I will say that a heightened awareness of one’s environment can also be quite a shock to the system, as evidenced by a quick trip I took to Chicago in the middle of the first set of hikes I did. Just getting out of my car onto Western Avenue nearly knocked me over.

EM: Have you ever charted an urban Song Path? What are some of the sonic spots in Chicago that you might put on such a walk?

RI: I have done this for myself a few times, though never with an official audience. One such hike was in Millennium Park. You start it in Lurie Garden, a place that exists because of a man-made structure atop a parking garage that was dug out of a landfill built over 100 years ago that used to be part of Lake Michigan. Then, a garden was planted that reflects the natural landscape that would have existed at that time where a bustling city now stands. We often talk about the intrusion of mankind on nature. This feels more like the intrusion of nature on a man-made environment. It gives you a very small taste of what the place may have sounded like years in the past. But the garden itself also provides a sonic shield from the surrounding city.

I tend to gravitate towards locations where the natural sound environment and man-made sound environment intersect in some specific way. That’s not hard to get, since a sonic landscape untouched by man-made sound almost does not exist on the planet anymore. My friends Eric Leonardson and Dan Godston, associated with the Midwest Society for Acoustic Ecology, have also done hikes in urban spaces, though perhaps with a slightly different aesthetic focus.

EM: What kinds of folks turn out for the walks, and what sorts of reactions and experiences do you witness while leading the walks?
RI: My first round consisted mainly of people who were camping in the Minnesota parks. I literally went tent to tent and talked to people, as did the park rangers. So I had quite a mix of people: from members of the arts scene in Minneapolis to people who were not aware that classical music was something that people still did. Some people said they could not think of what they were experiencing as “music,” but found it a profound experience. I am interested in what that experience is much more than I am interested in what it is called.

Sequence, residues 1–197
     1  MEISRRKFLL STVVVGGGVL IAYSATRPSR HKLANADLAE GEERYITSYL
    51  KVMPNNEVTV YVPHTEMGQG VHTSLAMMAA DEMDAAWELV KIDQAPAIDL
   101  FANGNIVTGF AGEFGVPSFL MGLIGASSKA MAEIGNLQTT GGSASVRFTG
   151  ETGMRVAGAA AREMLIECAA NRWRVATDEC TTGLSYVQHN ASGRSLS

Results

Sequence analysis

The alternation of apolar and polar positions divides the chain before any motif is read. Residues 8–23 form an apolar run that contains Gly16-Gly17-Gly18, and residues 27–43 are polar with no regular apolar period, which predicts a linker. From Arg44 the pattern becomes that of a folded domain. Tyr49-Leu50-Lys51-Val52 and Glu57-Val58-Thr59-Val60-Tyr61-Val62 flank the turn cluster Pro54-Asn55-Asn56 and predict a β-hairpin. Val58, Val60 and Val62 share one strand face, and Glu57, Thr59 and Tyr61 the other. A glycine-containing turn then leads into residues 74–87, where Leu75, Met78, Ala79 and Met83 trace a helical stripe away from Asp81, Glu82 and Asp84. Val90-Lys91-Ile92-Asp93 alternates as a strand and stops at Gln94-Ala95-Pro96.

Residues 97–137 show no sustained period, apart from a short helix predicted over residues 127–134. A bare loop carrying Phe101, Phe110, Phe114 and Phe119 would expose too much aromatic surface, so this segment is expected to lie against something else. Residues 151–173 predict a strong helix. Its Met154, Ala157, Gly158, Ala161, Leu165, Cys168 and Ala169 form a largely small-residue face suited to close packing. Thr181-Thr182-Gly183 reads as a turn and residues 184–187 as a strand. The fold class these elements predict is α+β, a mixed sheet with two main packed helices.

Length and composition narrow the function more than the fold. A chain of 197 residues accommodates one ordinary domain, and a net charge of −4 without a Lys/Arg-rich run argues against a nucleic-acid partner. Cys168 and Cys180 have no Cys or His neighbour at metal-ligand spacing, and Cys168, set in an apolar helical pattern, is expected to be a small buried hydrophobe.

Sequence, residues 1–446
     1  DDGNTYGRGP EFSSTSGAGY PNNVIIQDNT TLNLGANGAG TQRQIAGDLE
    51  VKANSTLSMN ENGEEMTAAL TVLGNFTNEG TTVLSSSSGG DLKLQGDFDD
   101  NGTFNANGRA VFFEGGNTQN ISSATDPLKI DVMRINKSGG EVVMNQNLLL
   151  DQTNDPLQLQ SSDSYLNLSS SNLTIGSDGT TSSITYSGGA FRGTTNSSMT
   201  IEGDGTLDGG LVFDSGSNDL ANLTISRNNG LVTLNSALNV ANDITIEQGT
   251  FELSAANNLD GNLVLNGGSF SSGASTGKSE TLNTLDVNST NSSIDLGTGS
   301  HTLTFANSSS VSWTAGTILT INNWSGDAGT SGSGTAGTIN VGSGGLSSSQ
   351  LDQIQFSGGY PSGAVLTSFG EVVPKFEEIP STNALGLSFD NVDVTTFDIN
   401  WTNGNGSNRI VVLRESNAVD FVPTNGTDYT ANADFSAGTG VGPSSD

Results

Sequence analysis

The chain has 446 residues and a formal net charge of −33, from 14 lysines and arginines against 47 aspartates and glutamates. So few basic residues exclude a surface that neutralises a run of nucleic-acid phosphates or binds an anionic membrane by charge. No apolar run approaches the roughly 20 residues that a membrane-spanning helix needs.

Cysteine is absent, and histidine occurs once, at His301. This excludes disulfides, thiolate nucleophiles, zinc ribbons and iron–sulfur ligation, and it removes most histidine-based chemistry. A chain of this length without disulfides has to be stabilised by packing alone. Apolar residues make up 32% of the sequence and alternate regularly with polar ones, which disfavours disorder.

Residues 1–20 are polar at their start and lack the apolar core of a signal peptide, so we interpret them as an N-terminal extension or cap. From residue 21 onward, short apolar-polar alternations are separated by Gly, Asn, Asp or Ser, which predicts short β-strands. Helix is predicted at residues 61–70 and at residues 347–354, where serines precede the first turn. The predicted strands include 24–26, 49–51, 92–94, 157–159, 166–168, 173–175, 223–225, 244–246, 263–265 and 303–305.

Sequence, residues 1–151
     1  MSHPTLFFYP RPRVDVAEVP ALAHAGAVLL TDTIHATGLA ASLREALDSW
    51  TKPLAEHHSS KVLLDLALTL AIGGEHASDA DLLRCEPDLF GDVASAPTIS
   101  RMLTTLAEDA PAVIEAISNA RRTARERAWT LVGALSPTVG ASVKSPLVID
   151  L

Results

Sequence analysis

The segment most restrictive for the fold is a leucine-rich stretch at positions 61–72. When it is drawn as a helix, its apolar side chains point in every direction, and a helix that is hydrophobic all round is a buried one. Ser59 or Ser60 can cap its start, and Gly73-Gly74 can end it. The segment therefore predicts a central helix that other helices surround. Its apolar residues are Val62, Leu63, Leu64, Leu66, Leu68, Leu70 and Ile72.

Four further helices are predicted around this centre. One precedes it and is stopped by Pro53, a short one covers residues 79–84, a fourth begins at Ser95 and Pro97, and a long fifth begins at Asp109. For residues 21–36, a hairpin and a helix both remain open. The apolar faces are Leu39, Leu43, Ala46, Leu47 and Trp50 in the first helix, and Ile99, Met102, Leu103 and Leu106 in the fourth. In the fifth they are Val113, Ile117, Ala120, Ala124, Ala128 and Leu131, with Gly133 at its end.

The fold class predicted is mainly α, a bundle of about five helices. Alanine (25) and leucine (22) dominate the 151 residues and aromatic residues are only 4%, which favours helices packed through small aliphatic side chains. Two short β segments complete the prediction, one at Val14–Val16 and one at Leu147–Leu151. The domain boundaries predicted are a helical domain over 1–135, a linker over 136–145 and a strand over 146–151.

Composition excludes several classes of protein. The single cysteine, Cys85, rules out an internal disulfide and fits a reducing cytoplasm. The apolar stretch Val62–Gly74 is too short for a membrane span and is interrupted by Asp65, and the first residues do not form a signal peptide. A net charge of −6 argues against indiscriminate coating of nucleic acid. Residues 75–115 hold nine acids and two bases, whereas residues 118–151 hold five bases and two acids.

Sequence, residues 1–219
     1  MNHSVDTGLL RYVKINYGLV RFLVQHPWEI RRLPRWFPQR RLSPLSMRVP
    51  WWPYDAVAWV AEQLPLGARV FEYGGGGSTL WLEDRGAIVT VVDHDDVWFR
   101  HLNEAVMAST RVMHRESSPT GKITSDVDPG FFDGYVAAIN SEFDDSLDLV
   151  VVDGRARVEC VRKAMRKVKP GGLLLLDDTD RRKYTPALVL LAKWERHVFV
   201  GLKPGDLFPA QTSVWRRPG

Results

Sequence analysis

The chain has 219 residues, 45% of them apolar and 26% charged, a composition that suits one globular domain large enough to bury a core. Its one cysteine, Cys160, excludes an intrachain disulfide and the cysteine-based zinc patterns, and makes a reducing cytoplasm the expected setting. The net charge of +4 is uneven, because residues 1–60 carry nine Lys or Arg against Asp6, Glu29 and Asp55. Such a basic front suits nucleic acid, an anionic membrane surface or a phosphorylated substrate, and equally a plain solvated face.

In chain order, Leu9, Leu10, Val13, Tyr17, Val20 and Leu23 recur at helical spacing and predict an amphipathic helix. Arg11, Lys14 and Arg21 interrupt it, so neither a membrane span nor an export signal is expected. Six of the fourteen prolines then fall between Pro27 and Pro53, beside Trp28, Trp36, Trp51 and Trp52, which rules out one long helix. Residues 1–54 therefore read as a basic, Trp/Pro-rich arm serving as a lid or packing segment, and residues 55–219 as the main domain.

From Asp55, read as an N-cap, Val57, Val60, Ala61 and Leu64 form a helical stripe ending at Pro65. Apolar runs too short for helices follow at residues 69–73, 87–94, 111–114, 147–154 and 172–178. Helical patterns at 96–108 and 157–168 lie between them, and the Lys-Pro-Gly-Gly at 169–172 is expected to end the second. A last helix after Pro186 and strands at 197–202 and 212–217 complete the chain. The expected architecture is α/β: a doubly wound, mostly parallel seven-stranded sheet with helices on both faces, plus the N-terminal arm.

Many of my family hikes were attended by parents who were hunters. They said that what I had been doing in the woods — listening deeply and trying not to disturb the natural surroundings so I could hear everything — was very similar to the practice of hunting, or at least what some of them referred to as “real hunting” where it’s just you and the animals: no traps or other tricks. Animals are so sensitive to what they hear that any small movement or noise you make will disturb them and give them some sense of danger. This kind of hunting is a practice of listening more than anything else, and they spend hour upon hour, day after day doing it each season.

I had a hike where a group of atheist hippies from Minneapolis walked alongside a couple that was taking a road trip across the USA visiting different mega-churches. It is rare that a musical experience can engender such commonality among different groups. Musical communication often relies so much on idiom, which in itself often has social or perhaps even political implication. I’ve seen people almost get into physical fights over musical taste, in arguments far more heated than any political debate I have ever seen. But the experience of the hike seems to help tap into something a bit more universal.
Ryan Ingebritsen is the composer of 3 Singers, an innovative opera/sound installation created in collaboration with director and choreographer Erica Mott. The piece will have its Chicago premiere in January.

Buddhist music-making: how meditation could transform the way you work

Tian Tan Buddha

Tian Tan Buddha
Photo by Molly Sheridan

The last concert I heard before I went on a silent meditation retreat was the DePaul University Chamber Orchestra’s all-contemporary program. The first-ever performance of its type at DePaul, the concert generated considerable excitement among the Chicago listening community. The evening was an ambitious tour of 20th-century orchestral monoliths, designed by conductor Michael Lewanski to make a strong statement of advocacy and artistry. The young ensemble opened with Xenakis’ Tracees, closed with Berio’s Sinfonia, and played Ligeti’s Lontano and the US premiere of Gerard Pesson’s Aggravations et Final in between.

As I sat during the Xenakis, utterly annihilated by the sound of the tam-tam, I wondered what it would be like for a musician, in particular, to pass seven days in silence.